Beardslee seconded that technology in transportation is vital. She emphasizes that cold chain trailers, box trucks, containers, air cargo and on-site freezers are important in not just transporting vaccines, but also in moving all temperature-controlled pharmaceuticals safely. Additionally, temperature monitoring technology and tracking software embedded into transportation management systems (TMS) are important for the growing need for visibility that has proved important in vaccine distribution.CovidABI Research

Specifically, for the vaccine, there are platforms that integrate CDC vaccine registration requirements.

But, it is not just transportation technology that is important in the supply chain.

“Many pharma companies are taking advantage of digital technologies, including cloud, robotic process automation and Internet of Things,” says Stephen Meyer, senior research director, Gartner Supply Chain Practice. “This can be leveraged for ‘smart’ products that result in better prescription adherence and more accurate dosing, as well as for new supply chain capabilities, like real-time shipment tracking that ensures products are delivered on-time and at the correct conditions. Analytical technologies that help derive insight from large and diverse data sets are also popular, like AI and cognitive computing.”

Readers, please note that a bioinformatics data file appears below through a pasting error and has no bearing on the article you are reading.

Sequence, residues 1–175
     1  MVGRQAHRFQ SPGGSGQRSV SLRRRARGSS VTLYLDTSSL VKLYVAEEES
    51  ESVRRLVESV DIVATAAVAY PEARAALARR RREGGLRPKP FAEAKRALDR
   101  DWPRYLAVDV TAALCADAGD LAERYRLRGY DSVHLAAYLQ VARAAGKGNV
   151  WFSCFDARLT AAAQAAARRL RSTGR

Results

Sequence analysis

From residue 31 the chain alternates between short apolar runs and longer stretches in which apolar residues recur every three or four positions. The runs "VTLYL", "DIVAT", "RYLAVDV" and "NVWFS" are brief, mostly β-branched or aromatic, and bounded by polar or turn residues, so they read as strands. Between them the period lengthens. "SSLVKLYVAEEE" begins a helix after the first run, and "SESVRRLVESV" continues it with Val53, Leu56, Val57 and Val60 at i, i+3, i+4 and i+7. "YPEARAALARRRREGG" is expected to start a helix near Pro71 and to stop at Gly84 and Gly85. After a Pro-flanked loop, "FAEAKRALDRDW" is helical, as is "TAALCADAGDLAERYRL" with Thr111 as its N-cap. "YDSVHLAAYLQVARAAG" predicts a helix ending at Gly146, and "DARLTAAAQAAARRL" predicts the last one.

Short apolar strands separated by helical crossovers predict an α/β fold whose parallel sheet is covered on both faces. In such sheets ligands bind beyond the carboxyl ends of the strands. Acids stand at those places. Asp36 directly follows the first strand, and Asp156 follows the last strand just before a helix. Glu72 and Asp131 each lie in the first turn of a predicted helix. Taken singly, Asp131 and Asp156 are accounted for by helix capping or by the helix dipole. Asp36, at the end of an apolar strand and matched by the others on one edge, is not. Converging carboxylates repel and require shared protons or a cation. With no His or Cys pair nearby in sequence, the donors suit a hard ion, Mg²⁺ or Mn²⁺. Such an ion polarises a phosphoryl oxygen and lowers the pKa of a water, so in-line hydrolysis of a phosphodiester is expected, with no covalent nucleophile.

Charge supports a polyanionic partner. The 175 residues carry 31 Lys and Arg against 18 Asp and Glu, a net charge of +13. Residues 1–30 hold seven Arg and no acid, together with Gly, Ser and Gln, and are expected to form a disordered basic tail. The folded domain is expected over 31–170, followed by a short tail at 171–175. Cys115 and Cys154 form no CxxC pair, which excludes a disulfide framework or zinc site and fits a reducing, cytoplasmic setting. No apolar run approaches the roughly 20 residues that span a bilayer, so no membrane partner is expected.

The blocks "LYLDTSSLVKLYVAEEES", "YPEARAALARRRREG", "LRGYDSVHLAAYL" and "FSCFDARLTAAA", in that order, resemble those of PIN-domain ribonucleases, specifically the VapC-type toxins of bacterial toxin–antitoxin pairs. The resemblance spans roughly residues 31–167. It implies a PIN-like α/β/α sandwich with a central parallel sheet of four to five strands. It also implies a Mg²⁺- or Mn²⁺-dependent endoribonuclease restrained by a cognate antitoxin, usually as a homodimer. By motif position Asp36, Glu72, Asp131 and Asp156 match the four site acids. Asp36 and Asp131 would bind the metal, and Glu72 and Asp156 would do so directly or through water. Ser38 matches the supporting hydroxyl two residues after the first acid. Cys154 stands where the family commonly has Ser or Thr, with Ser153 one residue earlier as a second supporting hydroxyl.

Farooq supports the argument for the need of automation, as it helps eliminates repetitive tasks, shifts focus to actual business outcomes and allows individuals to lean into aspects of the job that require human ingenuity.

“We can expect this trend toward the digital economy to continue and further accelerate,” he says. “Procurement has a clear role in supporting that transformation and the incorporation of intelligent technologies such as AI, machine learning and IoT into our daily lives.”

Gisli Herjolfsson, co-founder and CEO of Controlant, emphasizes the importance of other technology such as enterprise resource planning (ERP) systems, quality management systems, asset management, business analytics (BI) dashboards and blockchain platforms.